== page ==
In the 1970s, the world was caught up in a moral panic over the perceived rampant spread of pornography. In response to this, NBC executive, Paul Klein, coined the phrase ‘Jiggle Television’ to describe the way that many female television stars featured on the rival network ABC’s shows were directed to move around suggestively wearing loose clothing or in their underwear so that their breasts or buttocks could be seen shaking or ‘jiggling’.
This marketing strategy Klein was criticizing was the brainchild of ABC television producer and executive Fred Silverman, best known for his work on shows like Charlie’s Angels, All in the Family, The Waltons, and Scooby-Doo Where are you.
The crude yet effective neologism “Jiggle TV” was often used in the media to describe shows like Wonder Woman, Three’s Company, and perhaps most famously, Charlie’s Angels. These programs were meant to appeal to young male viewers. Shows like these often featured plots that were blatantly sexist, full of innuendo and suggestive dialogue, and entirely unrealistic in nature. It became evident that exploiting female sexuality was the network’s primary aim, and judging by how successful these shows were, Jiggle TV proved to be a very effective marketing approach.
Around this time, ABC’s target audience was viewers between the ages of 18 to 35. Another apt name that Jiggle TV received was “T&A TV”. In the 70s, the amount of sex depicted on television drastically increased – as did the ratings.
Since a large portion of the US population were religious conservatives, the response to this sudden influx of sex on TV was naturally quite intense. Controversy and consequences abounded, but as the old saying goes, any publicity is good publicity.
Jiggle TV was taken to new extremes in the late 80s well into the early 2000s with shows such as She Spies, Baywatch, and countless offerings from the USA Network.
Love it or hate it, in this video, we’re going to be taking a look back at some of the most infamous examples of Jiggle TV. Facts Verse Presents: Jiggle Television Shows Where Actresses Did Not Wear Bras.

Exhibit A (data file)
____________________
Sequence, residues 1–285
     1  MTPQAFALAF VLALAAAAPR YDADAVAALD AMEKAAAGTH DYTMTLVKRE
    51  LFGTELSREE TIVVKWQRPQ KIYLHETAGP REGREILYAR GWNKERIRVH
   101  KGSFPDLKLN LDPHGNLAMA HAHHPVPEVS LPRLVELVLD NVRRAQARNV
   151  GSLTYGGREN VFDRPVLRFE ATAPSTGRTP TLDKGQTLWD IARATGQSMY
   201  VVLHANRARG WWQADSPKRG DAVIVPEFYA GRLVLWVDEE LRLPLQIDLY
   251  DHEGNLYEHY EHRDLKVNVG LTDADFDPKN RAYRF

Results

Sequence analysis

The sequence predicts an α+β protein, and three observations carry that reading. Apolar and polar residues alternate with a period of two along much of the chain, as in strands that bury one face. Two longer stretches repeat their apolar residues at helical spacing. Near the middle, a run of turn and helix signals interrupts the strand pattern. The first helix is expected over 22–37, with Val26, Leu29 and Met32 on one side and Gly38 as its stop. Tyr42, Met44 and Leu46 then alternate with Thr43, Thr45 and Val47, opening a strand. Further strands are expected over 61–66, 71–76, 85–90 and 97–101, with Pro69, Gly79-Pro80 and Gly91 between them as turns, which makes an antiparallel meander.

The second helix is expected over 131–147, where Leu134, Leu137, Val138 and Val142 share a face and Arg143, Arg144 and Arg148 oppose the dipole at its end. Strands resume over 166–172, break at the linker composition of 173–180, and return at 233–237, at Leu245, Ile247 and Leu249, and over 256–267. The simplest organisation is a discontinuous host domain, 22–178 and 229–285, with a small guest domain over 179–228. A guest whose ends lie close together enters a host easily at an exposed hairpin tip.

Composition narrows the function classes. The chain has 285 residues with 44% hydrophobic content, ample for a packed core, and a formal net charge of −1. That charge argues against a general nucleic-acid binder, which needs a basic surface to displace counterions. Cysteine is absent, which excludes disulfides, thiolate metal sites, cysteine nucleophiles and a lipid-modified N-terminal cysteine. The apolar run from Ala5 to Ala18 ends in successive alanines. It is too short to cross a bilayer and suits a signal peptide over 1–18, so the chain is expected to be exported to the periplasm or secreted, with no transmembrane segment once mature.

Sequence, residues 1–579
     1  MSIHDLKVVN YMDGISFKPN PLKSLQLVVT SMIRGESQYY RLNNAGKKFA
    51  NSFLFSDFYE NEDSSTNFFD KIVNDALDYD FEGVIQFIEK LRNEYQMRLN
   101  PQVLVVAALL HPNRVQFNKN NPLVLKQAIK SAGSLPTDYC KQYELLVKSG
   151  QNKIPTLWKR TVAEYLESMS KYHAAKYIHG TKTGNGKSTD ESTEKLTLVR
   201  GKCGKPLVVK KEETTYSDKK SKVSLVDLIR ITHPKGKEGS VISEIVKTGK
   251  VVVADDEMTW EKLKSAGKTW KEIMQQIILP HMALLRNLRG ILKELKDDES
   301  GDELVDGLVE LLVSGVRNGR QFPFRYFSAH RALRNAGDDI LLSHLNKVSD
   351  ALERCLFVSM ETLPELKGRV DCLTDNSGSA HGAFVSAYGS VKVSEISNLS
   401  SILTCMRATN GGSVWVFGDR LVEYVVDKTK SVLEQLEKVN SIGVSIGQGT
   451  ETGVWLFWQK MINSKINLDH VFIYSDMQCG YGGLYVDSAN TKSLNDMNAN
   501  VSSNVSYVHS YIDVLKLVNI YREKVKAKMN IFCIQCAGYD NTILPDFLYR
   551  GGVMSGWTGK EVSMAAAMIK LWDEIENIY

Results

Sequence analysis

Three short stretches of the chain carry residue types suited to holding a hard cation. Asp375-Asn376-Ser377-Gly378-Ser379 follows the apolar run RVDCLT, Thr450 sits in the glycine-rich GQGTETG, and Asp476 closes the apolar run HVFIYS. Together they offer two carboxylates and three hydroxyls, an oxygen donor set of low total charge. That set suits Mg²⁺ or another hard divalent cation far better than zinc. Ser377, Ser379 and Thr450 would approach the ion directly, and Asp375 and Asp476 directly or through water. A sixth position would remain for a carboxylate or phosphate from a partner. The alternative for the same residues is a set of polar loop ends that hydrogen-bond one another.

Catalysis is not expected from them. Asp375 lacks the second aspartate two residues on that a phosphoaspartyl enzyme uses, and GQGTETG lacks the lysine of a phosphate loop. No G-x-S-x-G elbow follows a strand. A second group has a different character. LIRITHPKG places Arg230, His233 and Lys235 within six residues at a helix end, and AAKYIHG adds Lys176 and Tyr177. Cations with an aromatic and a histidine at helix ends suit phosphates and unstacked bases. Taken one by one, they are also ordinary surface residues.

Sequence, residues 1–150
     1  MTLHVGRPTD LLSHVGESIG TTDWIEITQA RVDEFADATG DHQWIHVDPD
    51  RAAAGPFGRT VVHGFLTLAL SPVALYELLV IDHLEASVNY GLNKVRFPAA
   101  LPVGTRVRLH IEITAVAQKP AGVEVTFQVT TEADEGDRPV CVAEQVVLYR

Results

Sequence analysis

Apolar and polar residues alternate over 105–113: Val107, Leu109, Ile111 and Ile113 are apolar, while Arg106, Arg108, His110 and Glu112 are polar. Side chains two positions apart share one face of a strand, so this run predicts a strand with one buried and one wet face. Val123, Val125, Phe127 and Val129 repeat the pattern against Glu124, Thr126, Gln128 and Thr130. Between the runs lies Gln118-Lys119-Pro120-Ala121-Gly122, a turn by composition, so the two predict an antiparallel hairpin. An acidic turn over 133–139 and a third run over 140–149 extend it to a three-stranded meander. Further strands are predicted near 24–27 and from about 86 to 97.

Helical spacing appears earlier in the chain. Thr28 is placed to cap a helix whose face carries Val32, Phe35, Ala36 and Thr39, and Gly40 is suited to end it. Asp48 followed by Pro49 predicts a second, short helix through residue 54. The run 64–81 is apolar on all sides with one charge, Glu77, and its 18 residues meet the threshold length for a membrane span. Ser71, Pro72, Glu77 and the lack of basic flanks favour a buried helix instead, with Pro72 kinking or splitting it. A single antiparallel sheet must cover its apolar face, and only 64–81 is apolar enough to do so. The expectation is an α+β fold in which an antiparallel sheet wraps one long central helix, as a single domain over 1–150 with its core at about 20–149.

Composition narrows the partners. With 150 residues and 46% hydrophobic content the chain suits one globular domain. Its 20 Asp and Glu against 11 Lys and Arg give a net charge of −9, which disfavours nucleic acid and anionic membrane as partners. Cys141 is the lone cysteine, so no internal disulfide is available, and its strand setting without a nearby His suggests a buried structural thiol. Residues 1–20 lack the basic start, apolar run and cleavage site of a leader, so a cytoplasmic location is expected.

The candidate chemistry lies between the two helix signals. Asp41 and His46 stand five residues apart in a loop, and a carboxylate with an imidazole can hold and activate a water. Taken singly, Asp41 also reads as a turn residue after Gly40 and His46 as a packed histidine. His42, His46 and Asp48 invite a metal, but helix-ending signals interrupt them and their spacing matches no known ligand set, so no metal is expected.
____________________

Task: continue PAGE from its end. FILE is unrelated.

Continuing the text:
Farrah Fawcett-Majors once said of Charlie’s Angels that when the show was number three in the ratings, she figured that it was because of the cast’s acting. When it reached number one, she decided that it could only be because she and her costars didn’t wear bras.
While Silverstone is often associated with the rise of Jiggle TV, it could also be argued that Aaron Spelling was the mastermind behind the genre. Of all of the shows that he helped create, none came under more fire than Charlie’s Angels. But if you actually take the time to go back and watch a few older episodes, you’ll discover that it wasn’t nearly as bad as the media made it out to be.
From the way critics attacked it, you would think that the show was something akin to hardcore pornography, but in all actuality, the series wasn’t nearly as gratuitous as the public was made to believe. Sure, Spelling exploited the Angel’s ‘assets’, but compared to what we’re used to seeing on modern-day network and streaming shows, it was quite tame in comparison.
Every now and then, the program would find an excuse to show off the Angels wearing skimpy little outfits or bikinis, but most of the time, they were seen wearing the long dresses and pants that were in style back in the late 1970s.
Even though the Angels could often be seen wearing items like turtlenecks and polyester pants, as Farrah’s aforementioned quote makes note of, the set of Charlie’s Angels was a “Bra-Free Zone”. Because of this, Charlie’s Angels easily earns it’s place in the list of top Jiggle TV shows of all time.
This sitcom is yet another excellent example of how the Jiggle TV label was often over exaggerated by the media. Of all the series that were on the air at the time, no other show came under as much fire from the scathing, blood-thirsty critics. But that being said, as many critics would freely admit, it wasn’t really all that sexy. Sure the ladies were attractive, but Three’s Company, in our opinion, really didn’t deserve to be labeled in such a drogatory way. It could be argued that shows like Gilligan’s Island and the Beverly Hillbillies flaunted their female stars just as much as it did.
The real reason why Three’s Company received the Jiggle TV label had to do with it’s marketing. ABC’s promos made the show out to be some kind of softcore sex-fest. In reality, however, the show rarely ever featured anything overtly offensive. It’s true that Suzanne Somers had a few moments when her chest was the focal point of the camera, but these scenes weren’t that common.
So, while Three’s Company will forever be linked to the phrase Jiggle TV, there are many other shows that are for more deserving of the branding. Simply put, the amount of Jiggle seen onscreen wasn’t enough to get all worked up about.
Heather Menzies’s barely-there miniskirt on Logan’s Run was one of the most notable examples of a revealing wardrobe item being prominently featured on the TV screen. That skirt was about as short as they come. Frequently it took center stage, and in just about every episode it could be seen flying upwards, giving the viewer an eyeful of what Menzies was working with. Not surprisingly, it was a much-discussed topic at the time. Even though the Jiggle TV phenomenon was at it’s peak, it still managed to create a stir.